SABMiller investors have given the green light to Anheuser-Busch InBev’s £79bn Megabrew merger.
Minority shareholders for the FTSE 100 drinks giant voted overwhelmingly in favour of the deal, one of the largest in corporate history, with more than 95.5 per cent of votes cast in support.
All shareholder hurdles for the mega-merger have now been passed, as stock holders at Anheuser-Busch InBev also backed the proposed tie-up at a meeting in Brussels today, paving the way for the deal to complete in October.
The vote in London today came from SABMiller's minority shareholder after the High Court ruled last month that SAB investors could be split into two classes.
This separated Colombia’s Santo Domingo family and cigarette maker Altria from smaller investors as the two majority shareholders have access to a more lucrative joint cash and stock option.
Altria and the Santo Domingos, who together own around 40 per cent of SABMiller’s stock, fully consented to the deal last month.
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AB InBev required 75 per cent backing from today’s vote to move ahead with Megabrew.
Voter turnout among minority shareholders was high, at 73.22 per cent. There had been fears that many investors, especially US hedge funds, would not vote convert their holdings to shares with voting rights to avoid paying stamp duty.
However, the solid turnout indicates that hedge funds engaged with the deal to a greater degree than expected.
SABMiller will lose its name as a result of the deal, it was revealed today, with Budweiser brewer AB InBev retaining its name once the merger completes.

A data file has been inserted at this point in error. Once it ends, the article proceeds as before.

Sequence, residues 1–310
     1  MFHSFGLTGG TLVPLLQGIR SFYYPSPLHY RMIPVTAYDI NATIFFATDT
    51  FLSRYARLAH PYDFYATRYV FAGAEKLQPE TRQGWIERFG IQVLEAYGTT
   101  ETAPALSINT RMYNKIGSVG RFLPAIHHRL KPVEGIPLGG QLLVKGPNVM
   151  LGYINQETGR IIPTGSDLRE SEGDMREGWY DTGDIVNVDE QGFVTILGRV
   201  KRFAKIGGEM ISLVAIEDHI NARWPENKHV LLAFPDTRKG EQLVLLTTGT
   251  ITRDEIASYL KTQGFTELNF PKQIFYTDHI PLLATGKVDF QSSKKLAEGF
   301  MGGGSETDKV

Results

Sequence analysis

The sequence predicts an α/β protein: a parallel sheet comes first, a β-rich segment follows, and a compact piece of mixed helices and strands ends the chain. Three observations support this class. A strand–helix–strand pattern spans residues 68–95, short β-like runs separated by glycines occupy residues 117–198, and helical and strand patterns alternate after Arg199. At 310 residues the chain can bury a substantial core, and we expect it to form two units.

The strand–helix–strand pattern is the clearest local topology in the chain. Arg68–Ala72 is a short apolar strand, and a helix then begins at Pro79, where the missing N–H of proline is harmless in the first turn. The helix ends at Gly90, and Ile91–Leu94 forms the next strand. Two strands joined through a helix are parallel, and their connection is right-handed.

Around 5,500, or three per cent, of the combined workforce will also be offloaded.
As per a schedule released by the two firms last month, the companies expect the merger to be effective and combination to complete on 10 October and for a new listing of the combined group to be launched on 11 October.
The newly-merged company will be listed on Euronext Brussels and will have secondary listings on the Johannesburg Stock Exchange, Mexico Stock Exchange and the ADSs arm of the New York Stock Exchange.
Warwick Business School professor John Colley said:
SABMiller shareholders have hit the jackpot, whilst customers are ultimately likely to end up with less choice and higher prices. Cost rationalisation will mean substantial redundancies amongst SABMiller staff. The sheer extent of cost savings which will be extracted by AB InBev together with the growth potential of Africa and Latin America means that AB InBev shareholders might benefit after all.
Value is frequently lost in major deals through paying too much and indecisive integration. AB InBev are paying an enormous price but have clear views on integration. The $1.4bn of annual savings claimed by AB InBev looks a significant underestimate designed to appease affected parties such as governments and employees.
However, AB InBev was forced to top up the all-cash offer to £45 per share after disgruntled investors argued the joint cash and stock option available to the majority shareholders was worth more following the Brexit vote in June and the ensuing drop in sterling.